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Professor Robert Burgoyne (retired)

Honorary Professor in Film Studies

I completed my undergraduate degree at the University of Minnesota (summa cum laude) and my doctorate at New York University.

My work centers on historiography and film, with a special emphasis on American cinema, history and national identity, and the counter narratives of nation that have emerged in many films.  Recent publications include Film Nation: Hollywood Looks at U. S. History: Revised and Expanded Edition and The Epic Film in World Culture. I have also published on memory and contemporary American culture; cinephilia in the work of Douglas Gordon and Corey Arcangel; and the imagery of haunting and spectrality in the war film. Narrative theory, Italian cinema, and the impact of digital technologies on film form and theory are also subjects on which I have published, and which I continue to pursue. Much of my recent work flows from my central interest in the cinematic rewriting of history, and the power of film to illuminate the contemporary moment by reconceiving the dominant fictions that have formed around the past.

Publications

Burgoyne, RJ 2017, 'The dark power of belonging: The T-Shirt' Short Film Studies, vol 7, no. 1, pp. 93-96. DOI: 10.1386/sfs.7.1.93_1
Burgoyne, RJ & Trafton, JW 2017, Violence and Memory in Lincoln. in N Morris (ed.), A Companion to Steven Spielberg. Wiley Blackwell Companions to Film Directors, Wiley-Blackwell, pp. 374-386.
Burgoyne, RJ 2016, Post-Heroic War / The Body at Risk. in C Hellmich & L Purse (eds), Disappearing War: Interdisciplinary Perspectives on Cinema and Erasure in the Post-9/11 World. Edinburgh University Press, Edinburgh.
Burgoyne, RJ & Rositzka, E 2015, 'Goya on his Shoulder: Tim Hetherington, Genre Memory, and The Body at Risk' Frames Cinema Journal.
Burgoyne, RJ 2015, The Violated Body: Affective Experience and Somatic Intensity in Zero Dark Thirty. in D LaRocca (ed.), The Philosophy of War Films. University Press of Kentucky.
Burgoyne, RJ 2015, Douglas Gordon and Cory Arcangel, Breaking the Toy. in Embodied Encounters: New Approaches to Psychoanalysis and Cinema. Routledge, pp. 159-170.
Burgoyne, R & Trafton, J 2015, 'Haunting in the historical biopic: Lincoln' Rethinking History, vol 19, no. 3, pp. 525-535. DOI: 10.1080/13642529.2015.1006865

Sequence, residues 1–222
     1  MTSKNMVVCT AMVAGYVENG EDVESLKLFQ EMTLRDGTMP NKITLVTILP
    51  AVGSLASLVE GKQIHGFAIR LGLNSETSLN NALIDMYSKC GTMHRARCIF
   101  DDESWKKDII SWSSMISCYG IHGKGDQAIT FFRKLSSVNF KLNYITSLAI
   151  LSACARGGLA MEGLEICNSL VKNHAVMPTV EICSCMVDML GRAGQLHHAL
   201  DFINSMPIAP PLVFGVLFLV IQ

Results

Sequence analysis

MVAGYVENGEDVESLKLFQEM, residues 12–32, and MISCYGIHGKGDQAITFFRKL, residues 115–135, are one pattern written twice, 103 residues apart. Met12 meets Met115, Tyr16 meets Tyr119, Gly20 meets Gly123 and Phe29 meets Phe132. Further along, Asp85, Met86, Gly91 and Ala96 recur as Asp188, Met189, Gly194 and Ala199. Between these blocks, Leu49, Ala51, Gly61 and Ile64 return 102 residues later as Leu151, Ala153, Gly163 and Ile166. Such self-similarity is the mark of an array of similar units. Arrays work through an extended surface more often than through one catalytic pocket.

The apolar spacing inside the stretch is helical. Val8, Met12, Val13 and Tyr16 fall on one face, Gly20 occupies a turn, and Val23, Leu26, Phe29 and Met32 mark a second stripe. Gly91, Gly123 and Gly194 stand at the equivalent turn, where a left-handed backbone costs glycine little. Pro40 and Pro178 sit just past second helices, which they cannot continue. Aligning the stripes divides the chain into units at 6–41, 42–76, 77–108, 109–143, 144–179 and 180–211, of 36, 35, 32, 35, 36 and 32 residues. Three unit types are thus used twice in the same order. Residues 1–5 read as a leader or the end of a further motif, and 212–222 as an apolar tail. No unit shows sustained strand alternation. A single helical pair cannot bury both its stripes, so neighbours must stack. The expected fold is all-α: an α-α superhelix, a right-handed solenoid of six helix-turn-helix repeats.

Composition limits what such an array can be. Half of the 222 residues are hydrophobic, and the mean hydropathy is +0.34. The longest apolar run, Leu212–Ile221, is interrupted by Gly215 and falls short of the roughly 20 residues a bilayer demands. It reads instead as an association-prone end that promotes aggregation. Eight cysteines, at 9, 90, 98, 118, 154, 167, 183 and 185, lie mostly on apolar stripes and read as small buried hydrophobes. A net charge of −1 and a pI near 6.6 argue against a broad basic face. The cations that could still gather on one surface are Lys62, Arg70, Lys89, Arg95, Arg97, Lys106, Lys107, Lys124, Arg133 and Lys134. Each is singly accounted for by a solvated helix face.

Burgoyne, RJ 2014, Gainsbourg: Puppetry in the Musical Biopic. in New Directions in the Biopic, ed. Belen Vidal and Tom Brown. Routledge.
Burgoyne, RJ 2014, Colour in the Epic Film: Alexander and Hero. in The Return of the Epic Film, ed. Andrew Elliot. Edinburgh University Press.
Burgoyne, RJ 2013, Generational Memory and Affect in Letters From Iwo Jima. in R Rosenstone & C Parvulescu (eds), A Companion to the Historical Film. Wiley-Blackwell, Malden, pp. 349-364.
Burgoyne, RJ 2013, Haunting in the War Film: Flags of Our Fathers. in R Schubart & A Gjelsvik (eds), Eastwood's Iwo Jima: Critical Engagement With Flags of Our Fathers and Letters From Iwo Jima. Wallflower Press, New York, pp. 157-172.
Burgoyne, RJ 2013, Suicide in Letters From Iwo Jima: in Gjelsvik, Anne and Rikke Schubart, eds. in Eastwood's Iwo Jima. Wallflower Press, pp. 231-244.
Burgoyne, RJ 2012, 'Embodiment in the war film: Paradise Now and The Hurt Locker' Journal of War & Culture Studies, vol 5, no. 1, pp. 7-19. DOI: 10.1386/jwcs.5.1.7_1
Burgoyne, RJ 2012, 'Color in the Epic Film: Alexander and Hero' Revista do Instituto dos Estudos Brasileiros.
Burgoyne, RJ 2011, 'War / Homecoming: the social covenant and the body at risk in The War Is Over' Short Film Studies, vol 1, no. 1, pp. 47-49. DOI: 10.1386/sfs.1.1.47_1
Burgoyne, RJ (ed.) 2011, The Epic Film in World Culture. AFI Film Readers, Routledge, New York.
Burgoyne, RJ 2011, Bare Life and Sovereignty in Gladiator. in R Burgoyne (ed.), The Epic Film in World Culture. Routledge, pp. 82-98.
Burgoyne, R 2011, Introduction. in R Burgoyne (ed.), The Epic Film in World Culture. Routledge, pp. 1-16.
Burgoyne, RJ 2010, Film Nation: Hollywood Looks at U.S. History. Revised edn, University of Minnesota Press, Minneapolis.
Burgoyne, RJ 2009, 'Introduction: re-enactment and imagination in the historical film' Leidschrift, vol 24, no. 3, pp. 7-18.

Current research

I am currently researching and writing on the war film, with an optic derived from the recent work of Hardt and Negri, Jameson, and Virilio.  I consider the war film as a genre of embodiment, a "body genre," that employs sound, image, editing, and camera movement to intensify the affective engagement of the spectator.   My premise is that the war film, far from being restricted to the codes of realism and verisimilitude, conveys an intensified somatic experience of combat and trauma that foregrounds the significance of the "body at risk" as the core device of the genre.  Reconsidering the war film as a genre of the visceral, I am exploring the way the body is mapped onto systems of ideology, technology, and onto discourses of the phantasmatic and uncanny.